Newfound Gap—yep I know it well. If I can find a more recent picture, I’ll post it for comparison. Google Streetview has some images from Newfound from 2016 I think. I’ve driven there as well as hiked through there on many occasions. The AT runs right through it.
Might be a 53-54 Studebaker in the line on the left, due to the lack of a grill and shape of rear fenders, but somehow the rear of the roofline doesn’t look quite right.
51-52 Nash Rambler wagon in the foreground of center line, and farther up, 2-50 Studebakers bracketing a 52-54 Nash.
Frankly, the rest of the cars aren’t all that interesting 😉
All these cars are at the edge of the resolution as far as spotting details, but yes that Studebaker is a ’53 (new body) or ’54 (slightly facelifted).
Had to be no later than summer 1954 by fall, there would be at least one 55 Chevy or Ford in any group of cars.
Agree that it must be summer of 54. The cars make it 54 at the latest. The foliage at that elevation kids on break says summer.
In the distant background there could be a 55 model that is too fuzzy to identify. About all that can be said is that it is probably 1954 or possibly 1955.
Nice, I was there on a motorcycle trip in 2010 with my wife and uncle. Here’s a photo along 441
The link has the Hemmings crowd (2016) parsing a pair of photos of similar “vintage”—no one can seem to spot a ’55 anything: https://blog.hemmings.com/index.php/2016/04/29/newfound-gap-north-carolina-1950s/
Great photo. They sure had to do a lot of blasting so people could stop to see the view. 🙂
judging by the foliage in the little overgrown area in the foreground it looks to have been taken almost the exact time as the main featured photo, yet interestingly the shed in the distance is gone in the top photo.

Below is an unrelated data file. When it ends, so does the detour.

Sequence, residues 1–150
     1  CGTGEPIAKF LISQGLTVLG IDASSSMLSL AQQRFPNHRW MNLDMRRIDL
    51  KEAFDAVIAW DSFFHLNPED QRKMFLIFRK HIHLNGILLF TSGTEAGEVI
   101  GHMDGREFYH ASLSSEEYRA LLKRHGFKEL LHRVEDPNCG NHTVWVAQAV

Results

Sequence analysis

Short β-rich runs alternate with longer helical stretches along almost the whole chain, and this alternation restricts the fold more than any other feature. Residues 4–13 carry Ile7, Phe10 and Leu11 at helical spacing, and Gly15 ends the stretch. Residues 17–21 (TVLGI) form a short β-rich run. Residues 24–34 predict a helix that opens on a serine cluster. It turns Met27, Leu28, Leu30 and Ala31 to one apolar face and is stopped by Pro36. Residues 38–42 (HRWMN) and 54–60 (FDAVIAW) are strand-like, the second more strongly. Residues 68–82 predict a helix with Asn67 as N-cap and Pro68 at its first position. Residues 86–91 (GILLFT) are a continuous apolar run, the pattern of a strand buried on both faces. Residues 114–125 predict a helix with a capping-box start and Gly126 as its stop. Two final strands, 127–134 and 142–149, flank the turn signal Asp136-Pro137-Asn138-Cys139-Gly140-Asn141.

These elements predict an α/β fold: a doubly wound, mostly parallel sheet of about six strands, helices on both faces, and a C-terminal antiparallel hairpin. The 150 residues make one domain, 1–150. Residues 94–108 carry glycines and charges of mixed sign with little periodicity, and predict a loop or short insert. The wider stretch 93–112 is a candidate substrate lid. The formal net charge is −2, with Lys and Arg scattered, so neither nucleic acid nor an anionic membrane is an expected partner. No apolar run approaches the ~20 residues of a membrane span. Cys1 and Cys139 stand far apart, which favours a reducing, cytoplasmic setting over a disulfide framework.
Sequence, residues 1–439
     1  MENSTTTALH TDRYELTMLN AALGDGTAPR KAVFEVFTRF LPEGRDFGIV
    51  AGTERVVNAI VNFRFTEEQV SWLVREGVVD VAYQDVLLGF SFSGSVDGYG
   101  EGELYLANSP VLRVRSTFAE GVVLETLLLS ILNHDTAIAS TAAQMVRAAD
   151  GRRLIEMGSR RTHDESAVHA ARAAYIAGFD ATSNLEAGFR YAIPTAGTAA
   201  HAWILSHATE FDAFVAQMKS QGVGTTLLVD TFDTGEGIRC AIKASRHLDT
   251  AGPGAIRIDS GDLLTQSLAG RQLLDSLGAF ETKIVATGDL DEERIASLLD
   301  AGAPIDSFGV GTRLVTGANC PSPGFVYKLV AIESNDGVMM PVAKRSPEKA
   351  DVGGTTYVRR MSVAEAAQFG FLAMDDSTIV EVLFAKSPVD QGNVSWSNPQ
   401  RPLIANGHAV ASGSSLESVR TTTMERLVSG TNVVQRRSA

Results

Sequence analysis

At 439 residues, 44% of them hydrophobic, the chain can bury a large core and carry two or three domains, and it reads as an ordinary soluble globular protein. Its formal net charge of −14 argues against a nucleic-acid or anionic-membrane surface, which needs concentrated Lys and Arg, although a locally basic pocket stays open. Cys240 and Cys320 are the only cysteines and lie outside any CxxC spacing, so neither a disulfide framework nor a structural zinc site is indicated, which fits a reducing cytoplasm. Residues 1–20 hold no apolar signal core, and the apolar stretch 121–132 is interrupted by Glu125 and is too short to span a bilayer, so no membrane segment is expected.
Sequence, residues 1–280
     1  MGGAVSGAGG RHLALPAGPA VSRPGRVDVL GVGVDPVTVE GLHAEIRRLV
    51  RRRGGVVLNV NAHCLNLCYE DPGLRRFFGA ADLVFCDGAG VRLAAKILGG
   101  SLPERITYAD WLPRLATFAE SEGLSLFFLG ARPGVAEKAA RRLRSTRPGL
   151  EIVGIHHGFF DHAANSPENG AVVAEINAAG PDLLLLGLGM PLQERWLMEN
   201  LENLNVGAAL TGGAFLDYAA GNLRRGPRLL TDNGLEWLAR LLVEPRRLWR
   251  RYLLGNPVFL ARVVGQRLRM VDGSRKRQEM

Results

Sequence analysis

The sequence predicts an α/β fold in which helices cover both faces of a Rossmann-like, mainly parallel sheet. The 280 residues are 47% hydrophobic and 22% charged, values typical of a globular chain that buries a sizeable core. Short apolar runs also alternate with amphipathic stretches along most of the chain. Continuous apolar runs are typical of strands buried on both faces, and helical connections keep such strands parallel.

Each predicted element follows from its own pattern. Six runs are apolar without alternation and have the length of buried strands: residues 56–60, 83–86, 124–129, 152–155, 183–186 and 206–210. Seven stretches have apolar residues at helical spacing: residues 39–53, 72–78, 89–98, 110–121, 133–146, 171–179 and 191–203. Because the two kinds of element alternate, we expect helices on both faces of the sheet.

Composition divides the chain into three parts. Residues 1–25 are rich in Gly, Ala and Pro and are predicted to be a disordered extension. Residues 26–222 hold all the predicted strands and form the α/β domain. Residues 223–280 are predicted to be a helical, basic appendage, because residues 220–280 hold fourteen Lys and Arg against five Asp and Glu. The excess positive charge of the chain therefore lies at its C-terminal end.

Here’s a newish picture of, I think, the same place.
Here is a Google Earth image. Still a popular spot.
I am sure I have been to that spot. My folks loved the Smokies and we went there on most of our vacations starting in 1959. My sister had Mom & Dad’s home movies put on D DVD a couple of years ago. I can tell what year our vacation movies were taken because Dad got a new company car each fall and that was the one we always took on our trips. Our other car was Mom’s ’53 Ford or later a ’53 Plymouth in town beater.
Those were good trips.
That’s a familiar scene. My Grandparents took their honeymoon in the Smokey Mountains. I actually had to check the picture I have to make sure it wasn’t the one my Grandpa took (I’ve posted elsewhere so it could have been making the rounds). Anyway, here’s the shot my Grandpa would have taken with his Leica camera a bit before the featured picture. As it’s their honeymoon I know when the picture was taken (+/- a week or two), but I don’t want to wreck the fun.
And here’s a different angle from my Grandpa. Not as interesting as the first shot, but I know people here will find that bus in the background interesting.
Those are nice, clear photos (a reminder of all the “megapixels” you can get onto a 35mm frame), with colors well preserved. All I know is that there are some 1949-1950 Fords there, and I don’t see anything that’s obviously 1953 or later—-but I could be dead wrong. Thanks for sharing, TS.
Nice Flxible bus there. It almost looks like the one my car club has. That’s not ours, though, as it was used as a city bus in New Albany, Indiana. The straight 8 Buick engine blew up in a big way a few years back and has been replaced with the usual 350 Chevy and Turbo 350 transmission.
Thanks. The photos my Grandpa took around that time look amazing, thanks to him using Kodachrome. Almost like they were shot yesterday. Unfortunately a few years later he switched to Ektachrome and in all those images the blue and green has faded completely away leaving a red and white monochromatic image.